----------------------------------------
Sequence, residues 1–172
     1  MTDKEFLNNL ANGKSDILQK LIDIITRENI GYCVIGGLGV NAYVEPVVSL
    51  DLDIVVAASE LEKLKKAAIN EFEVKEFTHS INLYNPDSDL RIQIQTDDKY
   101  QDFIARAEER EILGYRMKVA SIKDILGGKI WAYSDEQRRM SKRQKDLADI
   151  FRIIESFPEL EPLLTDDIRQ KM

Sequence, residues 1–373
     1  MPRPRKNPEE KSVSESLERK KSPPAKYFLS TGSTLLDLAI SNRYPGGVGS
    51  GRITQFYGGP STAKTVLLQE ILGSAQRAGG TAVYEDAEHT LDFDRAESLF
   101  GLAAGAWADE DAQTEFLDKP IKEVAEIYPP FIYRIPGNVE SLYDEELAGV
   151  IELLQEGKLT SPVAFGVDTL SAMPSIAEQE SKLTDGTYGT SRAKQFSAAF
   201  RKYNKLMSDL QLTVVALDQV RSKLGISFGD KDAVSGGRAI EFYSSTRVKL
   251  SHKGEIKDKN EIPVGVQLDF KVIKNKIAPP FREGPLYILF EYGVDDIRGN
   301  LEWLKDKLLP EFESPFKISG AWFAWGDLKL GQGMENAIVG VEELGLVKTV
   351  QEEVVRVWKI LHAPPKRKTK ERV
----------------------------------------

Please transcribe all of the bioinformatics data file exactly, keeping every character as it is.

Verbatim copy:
Sequence, residues 1–172
     1  MTDKEFLNNL ANGKSDILQK LIDIITRENI GYCVIGGLGV NAYVEPVVSL
    51  DLDIVVAASE LEKLKKAAIN EFEVKEFTHS INLYNPDSDL RIQIQTDDKY
   101  QDFIARAEER EILGYRMKVA SIKDILGGKI WAYSDEQRRM SKRQKDLADI
   151  FRIIESFPEL EPLLTDDIRQ KM

Sequence, residues 1–373
     1  MPRPRKNPEE KSVSESLERK KSPPAKYFLS TGSTLLDLAI SNRYPGGVGS
    51  GRITQFYGGP STAKTVLLQE ILGSAQRAGG TAVYEDAEHT LDFDRAESLF
   101  GLAAGAWADE DAQTEFLDKP IKEVAEIYPP FIYRIPGNVE SLYDEELAGV
   151  IELLQEGKLT SPVAFGVDTL SAMPSIAEQE SKLTDGTYGT SRAKQFSAAF
   201  RKYNKLMSDL QLTVVALDQV RSKLGISFGD KDAVSGGRAI EFYSSTRVKL
   251  SHKGEIKDKN EIPVGVQLDF KVIKNKIAPP FREGPLYILF EYGVDDIRGN
   301  LEWLKDKLLP EFESPFKISG AWFAWGDLKL GQGMENAIVG VEELGLVKTV
   351  QEEVVRVWKI LHAPPKRKTK ERV